Monday, August 16, 2010
No More Mr. Nice Guy
My dad was a nice guy.
Quiet, hard-working, funny in a roll-your-eyes-and-groan kind of way, he had eyebrows that ratcheted up in proportion to the outlandishness of the tale he was telling--and telling with a straight face.
He could keep the straight face, all right. What he couldn't control were the eyebrows and the twinkle in his eyes when he was telling a whopper. That was my dad.
One of my most indelible memories of him was in the summer of 1948, a couple months after we'd moved to Anchorage, Alaska. I was six years old. Dad and I were walking along Fourth Avenue, which is the main street. I have no idea why it was just the two of us, but there we were, strolling along the concrete walk in the sunshine.
Dad would say "Hello" to everyone who approached. Sometimes he called the person by name; sometimes not.
After we passed, I'd ask who that was. He always gave me a name.
I was utterly amazed that my dad had met and knew so many people during the short time we'd been in Alaska. He seemed to know everyone and everyone was his friend because everyone spoke to him.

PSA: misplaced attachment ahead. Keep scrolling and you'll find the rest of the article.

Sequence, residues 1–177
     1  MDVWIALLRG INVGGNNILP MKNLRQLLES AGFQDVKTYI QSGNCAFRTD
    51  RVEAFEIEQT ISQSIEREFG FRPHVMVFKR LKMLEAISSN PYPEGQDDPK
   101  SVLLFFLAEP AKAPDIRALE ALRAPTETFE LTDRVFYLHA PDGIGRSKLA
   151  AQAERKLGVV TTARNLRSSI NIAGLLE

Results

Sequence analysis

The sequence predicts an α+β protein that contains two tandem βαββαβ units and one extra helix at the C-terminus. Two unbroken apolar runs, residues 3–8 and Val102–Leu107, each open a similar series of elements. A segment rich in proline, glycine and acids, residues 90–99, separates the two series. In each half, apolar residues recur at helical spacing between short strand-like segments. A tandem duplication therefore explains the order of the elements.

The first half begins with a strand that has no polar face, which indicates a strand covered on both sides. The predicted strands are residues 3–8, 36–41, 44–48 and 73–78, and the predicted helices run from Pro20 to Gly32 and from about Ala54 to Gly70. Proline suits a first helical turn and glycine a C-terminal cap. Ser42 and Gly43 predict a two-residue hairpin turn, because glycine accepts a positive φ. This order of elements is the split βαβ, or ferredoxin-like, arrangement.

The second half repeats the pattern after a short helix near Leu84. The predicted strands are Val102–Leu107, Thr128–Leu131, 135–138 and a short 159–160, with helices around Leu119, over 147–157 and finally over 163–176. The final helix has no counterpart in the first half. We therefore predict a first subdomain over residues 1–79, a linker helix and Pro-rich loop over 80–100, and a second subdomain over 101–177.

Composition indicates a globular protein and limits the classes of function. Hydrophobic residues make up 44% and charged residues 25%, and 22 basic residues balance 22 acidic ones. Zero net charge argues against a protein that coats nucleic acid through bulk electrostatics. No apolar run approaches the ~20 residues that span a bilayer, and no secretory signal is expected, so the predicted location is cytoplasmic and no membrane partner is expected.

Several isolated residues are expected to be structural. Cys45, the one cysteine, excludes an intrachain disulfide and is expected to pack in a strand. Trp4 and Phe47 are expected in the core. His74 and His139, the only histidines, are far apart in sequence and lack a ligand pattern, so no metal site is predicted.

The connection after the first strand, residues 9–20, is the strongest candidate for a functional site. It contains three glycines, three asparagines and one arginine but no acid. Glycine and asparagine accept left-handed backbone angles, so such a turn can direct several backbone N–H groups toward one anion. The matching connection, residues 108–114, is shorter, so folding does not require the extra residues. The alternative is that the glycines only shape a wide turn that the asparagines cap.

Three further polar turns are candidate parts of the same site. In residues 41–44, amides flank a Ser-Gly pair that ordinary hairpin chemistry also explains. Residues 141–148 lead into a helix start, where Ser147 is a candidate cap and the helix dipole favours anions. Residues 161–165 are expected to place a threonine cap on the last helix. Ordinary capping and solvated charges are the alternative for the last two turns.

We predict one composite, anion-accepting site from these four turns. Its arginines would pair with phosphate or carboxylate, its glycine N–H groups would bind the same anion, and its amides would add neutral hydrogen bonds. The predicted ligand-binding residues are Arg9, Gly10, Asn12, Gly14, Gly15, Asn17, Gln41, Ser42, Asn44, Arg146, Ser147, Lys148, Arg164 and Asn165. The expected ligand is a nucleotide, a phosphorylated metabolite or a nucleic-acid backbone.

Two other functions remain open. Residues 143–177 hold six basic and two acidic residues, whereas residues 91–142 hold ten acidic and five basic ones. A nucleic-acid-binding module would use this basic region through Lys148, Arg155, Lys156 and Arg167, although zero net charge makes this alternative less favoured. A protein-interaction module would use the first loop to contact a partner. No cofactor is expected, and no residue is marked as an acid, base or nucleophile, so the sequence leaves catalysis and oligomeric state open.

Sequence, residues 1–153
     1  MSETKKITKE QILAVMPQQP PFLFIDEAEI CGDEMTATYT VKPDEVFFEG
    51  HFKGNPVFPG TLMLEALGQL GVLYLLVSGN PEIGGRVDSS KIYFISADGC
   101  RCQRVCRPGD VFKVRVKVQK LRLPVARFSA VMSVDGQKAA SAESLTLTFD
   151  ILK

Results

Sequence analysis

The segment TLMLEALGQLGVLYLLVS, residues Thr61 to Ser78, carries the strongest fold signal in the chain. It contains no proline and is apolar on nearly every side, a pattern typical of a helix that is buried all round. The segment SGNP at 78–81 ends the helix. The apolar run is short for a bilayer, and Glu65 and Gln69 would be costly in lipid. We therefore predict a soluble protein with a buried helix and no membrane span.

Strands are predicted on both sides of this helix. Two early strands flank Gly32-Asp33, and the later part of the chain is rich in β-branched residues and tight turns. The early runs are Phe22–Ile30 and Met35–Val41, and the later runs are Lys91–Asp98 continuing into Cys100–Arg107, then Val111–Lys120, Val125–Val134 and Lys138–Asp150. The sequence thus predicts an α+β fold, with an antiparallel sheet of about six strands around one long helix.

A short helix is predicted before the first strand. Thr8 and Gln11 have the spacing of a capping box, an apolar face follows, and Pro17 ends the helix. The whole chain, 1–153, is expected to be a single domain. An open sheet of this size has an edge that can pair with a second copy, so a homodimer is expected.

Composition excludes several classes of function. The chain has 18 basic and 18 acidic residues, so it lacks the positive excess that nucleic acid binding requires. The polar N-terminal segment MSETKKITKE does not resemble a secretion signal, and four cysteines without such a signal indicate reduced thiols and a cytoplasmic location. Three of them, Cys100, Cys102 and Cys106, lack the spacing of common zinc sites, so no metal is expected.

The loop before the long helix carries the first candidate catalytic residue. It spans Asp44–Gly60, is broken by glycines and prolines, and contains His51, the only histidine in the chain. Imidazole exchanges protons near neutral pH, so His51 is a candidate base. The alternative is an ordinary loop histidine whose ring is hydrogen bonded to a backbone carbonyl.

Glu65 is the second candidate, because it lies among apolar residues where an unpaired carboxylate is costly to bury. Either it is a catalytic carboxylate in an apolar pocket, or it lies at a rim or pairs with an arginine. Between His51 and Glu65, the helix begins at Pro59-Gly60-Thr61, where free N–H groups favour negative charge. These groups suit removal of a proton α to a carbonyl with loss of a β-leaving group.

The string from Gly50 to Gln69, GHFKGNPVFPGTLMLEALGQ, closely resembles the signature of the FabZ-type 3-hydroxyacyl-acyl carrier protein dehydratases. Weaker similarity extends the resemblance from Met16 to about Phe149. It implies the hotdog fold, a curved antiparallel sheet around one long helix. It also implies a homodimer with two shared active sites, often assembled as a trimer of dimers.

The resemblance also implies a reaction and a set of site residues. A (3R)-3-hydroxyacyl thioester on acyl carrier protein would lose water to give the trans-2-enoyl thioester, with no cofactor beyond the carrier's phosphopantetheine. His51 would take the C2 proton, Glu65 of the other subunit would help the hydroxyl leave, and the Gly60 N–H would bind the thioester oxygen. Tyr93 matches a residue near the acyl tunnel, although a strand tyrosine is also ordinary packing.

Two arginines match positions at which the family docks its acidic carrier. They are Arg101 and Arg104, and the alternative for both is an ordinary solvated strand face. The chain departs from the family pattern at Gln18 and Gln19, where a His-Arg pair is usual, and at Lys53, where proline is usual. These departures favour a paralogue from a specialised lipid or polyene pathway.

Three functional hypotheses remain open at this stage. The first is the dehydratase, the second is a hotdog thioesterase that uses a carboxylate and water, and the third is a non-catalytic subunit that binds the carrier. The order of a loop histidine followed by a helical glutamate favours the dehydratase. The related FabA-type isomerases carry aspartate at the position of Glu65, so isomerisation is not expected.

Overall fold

I was pretty impressed for a six year old because, gosh, there were almost thirty thousand people living in Anchorage then.
Not until many, many years later did it occur to me that that's the way Alaska was. You said "hello" to everybody. It also dawned on me that Dad might have been making up names for some of them. I guess I should have been watching his eyebrows, but, I didn't know about that tell then so I was in awe of my dad.
Nonetheless, as friendly as he was, no one pushed my dad around.
And I do mean no one. Especially when he was all likkered-up.....
... and armed with BOTH of my cap guns.